The camera module is a twin-lens system which gets a sizeable Sony IMX586 as the primary sensor on the 48-megapixel shooter. The sensor is also found on the Honor View 20, Xiaomi Mi 9, OnePlus 7 Pro, OnePlus 7, and the recently unveiled Motorola One Vision.
There are several modes which we used, like Portrait and RAW capture. The modes mostly worked well in standard or selfie mode. However, some modes like Super Night, only applied when it was in the main housing position and not as a selfie though, bummer.
The other lens system is a 13-megapixel ultra-wide angle sensor which offers an impressive 125-degree field of view. The sensor also provides software-based distortion correction. The secondary sensor also works as a depth control sensor for portrait shots.
Daytime images looked pretty decent and let’s be real. Any mediocre camera with heaps of light will always output clear photos, and to this, the Asus 6z was no stranger. The images looked well with accurate colours, sharp details, and a decent amount of depth. However, macro or close-up shots caused unusual blurring at the edges of the image frame with the centre of the frame, and the subject remained in focus. There is also a certain amount of randomness in this behaviour as we did not see the same issue crop every time we tried a close-up shot. So, there was no consistency, which is okay. However, as soon as you try moving towards high-contrast shots, the Asus 6z can be seen struggling with its dynamic range.
Asus 6z Camera Sample 1
Asus 6z Camera Sample 2
Asus 6z Camera Sample 3
Asus 6z Camera Sample 4
Shots with dark areas or high contrast settings looked as if they had been boosted artificially in the images. This resulted in images coming out under-exposed with dark tones which looked fully black, or overexposure, which boosted bright areas to flat white, and made the images look washed out. The ultra-wide lens did allow more dramatic shots, but the sensor has not been fully leveraged, and it shows. The images were taken in the ultra-wide angle mode sometimes showed up with noise present on the dark areas of the image, even if the shot was taken in optimum lighting conditions.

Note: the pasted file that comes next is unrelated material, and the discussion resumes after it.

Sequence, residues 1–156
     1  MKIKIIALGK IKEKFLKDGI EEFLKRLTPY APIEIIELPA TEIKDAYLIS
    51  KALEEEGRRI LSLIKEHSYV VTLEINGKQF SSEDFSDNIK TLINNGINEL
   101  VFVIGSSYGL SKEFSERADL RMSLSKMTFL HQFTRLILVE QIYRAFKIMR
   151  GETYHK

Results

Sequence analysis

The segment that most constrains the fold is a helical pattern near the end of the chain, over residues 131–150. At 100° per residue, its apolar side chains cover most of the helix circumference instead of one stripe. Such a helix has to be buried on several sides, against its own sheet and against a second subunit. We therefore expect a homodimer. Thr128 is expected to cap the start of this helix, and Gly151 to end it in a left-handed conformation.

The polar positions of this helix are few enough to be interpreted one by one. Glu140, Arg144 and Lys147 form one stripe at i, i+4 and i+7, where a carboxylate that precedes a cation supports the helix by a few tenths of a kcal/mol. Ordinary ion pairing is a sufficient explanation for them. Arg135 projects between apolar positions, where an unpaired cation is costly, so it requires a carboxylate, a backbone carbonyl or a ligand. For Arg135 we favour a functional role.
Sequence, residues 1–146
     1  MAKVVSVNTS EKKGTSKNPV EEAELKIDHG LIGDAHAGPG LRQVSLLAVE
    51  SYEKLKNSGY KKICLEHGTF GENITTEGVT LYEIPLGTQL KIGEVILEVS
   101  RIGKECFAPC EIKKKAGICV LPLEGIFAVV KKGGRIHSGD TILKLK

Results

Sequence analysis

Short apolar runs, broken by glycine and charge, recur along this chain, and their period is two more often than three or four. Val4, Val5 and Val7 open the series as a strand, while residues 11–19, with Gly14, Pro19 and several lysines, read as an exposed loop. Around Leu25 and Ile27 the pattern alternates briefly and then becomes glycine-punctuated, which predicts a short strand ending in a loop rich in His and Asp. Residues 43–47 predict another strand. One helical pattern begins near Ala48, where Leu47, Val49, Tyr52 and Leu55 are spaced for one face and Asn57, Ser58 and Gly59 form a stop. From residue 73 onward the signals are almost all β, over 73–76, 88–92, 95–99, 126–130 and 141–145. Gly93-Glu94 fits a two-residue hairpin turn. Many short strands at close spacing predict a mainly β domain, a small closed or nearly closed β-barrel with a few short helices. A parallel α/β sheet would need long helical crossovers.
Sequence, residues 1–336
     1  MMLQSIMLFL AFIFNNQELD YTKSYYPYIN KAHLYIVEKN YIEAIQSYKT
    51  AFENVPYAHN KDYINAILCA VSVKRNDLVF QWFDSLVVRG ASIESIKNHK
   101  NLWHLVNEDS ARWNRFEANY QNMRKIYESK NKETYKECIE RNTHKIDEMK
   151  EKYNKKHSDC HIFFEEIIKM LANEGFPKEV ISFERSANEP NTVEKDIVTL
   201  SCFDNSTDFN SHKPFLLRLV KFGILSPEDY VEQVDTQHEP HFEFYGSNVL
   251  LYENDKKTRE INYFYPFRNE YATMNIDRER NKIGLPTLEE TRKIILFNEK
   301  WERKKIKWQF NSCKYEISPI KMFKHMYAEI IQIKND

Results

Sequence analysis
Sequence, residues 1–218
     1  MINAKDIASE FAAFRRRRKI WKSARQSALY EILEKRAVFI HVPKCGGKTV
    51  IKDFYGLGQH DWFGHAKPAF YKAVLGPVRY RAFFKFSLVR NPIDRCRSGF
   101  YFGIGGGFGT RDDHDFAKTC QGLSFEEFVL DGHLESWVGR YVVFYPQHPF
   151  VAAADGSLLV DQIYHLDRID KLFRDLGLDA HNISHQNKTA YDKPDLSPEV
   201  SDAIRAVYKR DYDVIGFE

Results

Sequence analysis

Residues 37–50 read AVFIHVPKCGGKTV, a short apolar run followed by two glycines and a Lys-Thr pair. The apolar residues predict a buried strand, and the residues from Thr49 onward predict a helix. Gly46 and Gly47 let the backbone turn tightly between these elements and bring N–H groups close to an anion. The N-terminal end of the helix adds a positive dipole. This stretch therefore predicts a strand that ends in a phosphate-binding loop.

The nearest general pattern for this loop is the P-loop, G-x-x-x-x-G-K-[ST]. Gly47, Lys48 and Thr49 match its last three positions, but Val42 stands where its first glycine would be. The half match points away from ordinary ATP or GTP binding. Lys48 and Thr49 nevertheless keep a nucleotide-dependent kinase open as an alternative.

Another issue we noticed was that the wide-angle sensor struggled like crazy in low light conditions. So, wide-angle shots and night time are not a good idea if you are planning to use the photo outside of social media platforms.
Speaking of night conditions, there is a night mode on offer as well. However, taking a clear shot using the night mode requires masterful training from the Ancient One at the secret compound of Kamar-Taj. In all seriousness, you are most likely to cause an image blur or handshake issues, which makes it seem like standard low light shots are much better.
Asus 6z Review: Battery
The Asus 6z packs a massive 5000mAh battery. During the 6z launch, Asus had stated that they prefer better longevity than fast or wireless charging capabilities. We, however, believe otherwise. We feel there needs to be a balance between how big a battery is and form of fast charging for better utility and convenience.
The Asus 6z is capable of Quick Charge 4+ support with a standard 18W fast charger in the box. Charging from single digit numbers to 100 per cent took close to just over 2 hours. However, the backup for a 5000mAh battery is surprisingly average. A full charge would usually last us about a day and a smidge. However, this was similar to what the Galaxy S10 or the OnePlus 7 offers, even though they have smaller batteries.
Asus 6z Review Ratings
Asus 6z Review: Price and verdict
The Asus 6z has been launched at a starting price of Rs. 31,999 for the 6GB/64GB variant. The Asus 6z will be sold in three variants of inbuilt storage, and two RAM variants. The other variants of the Asus 6z are 6GB/128GB and 8GB/256GB which are available for Rs. 34,999 and Rs. 39,999 respectively.
The Asus 6z brings several new features to the table like the Snapdragon 855, a flip camera, oodles of RAM and a new glass-covered design. Starting at Rs. 31,999, the Asus 6z undercuts the OnePlus 7 by Rs. 1,000. Both the phones arrive with 6GB of RAM and similar core specs, and the Asus 6z also gets a 3.5mm headphone jack. There is also the Google Pixel 3a, but it is priced at Rs. 39,999, and also gets a better camera. But the Asus 6z is no doubt, more versatile with its customisable buttons, a glass build, and a bigger battery.
The Asus 6z may not get wireless charging or IP certification but essentially gets a headphone jack, expandable storage, notification LED light, and quick action toggle buttons. The features sit on a strong base of Snapdragon 855 chipset and 6GB of RAM. At the price point, the device is sure shot an excellent buy.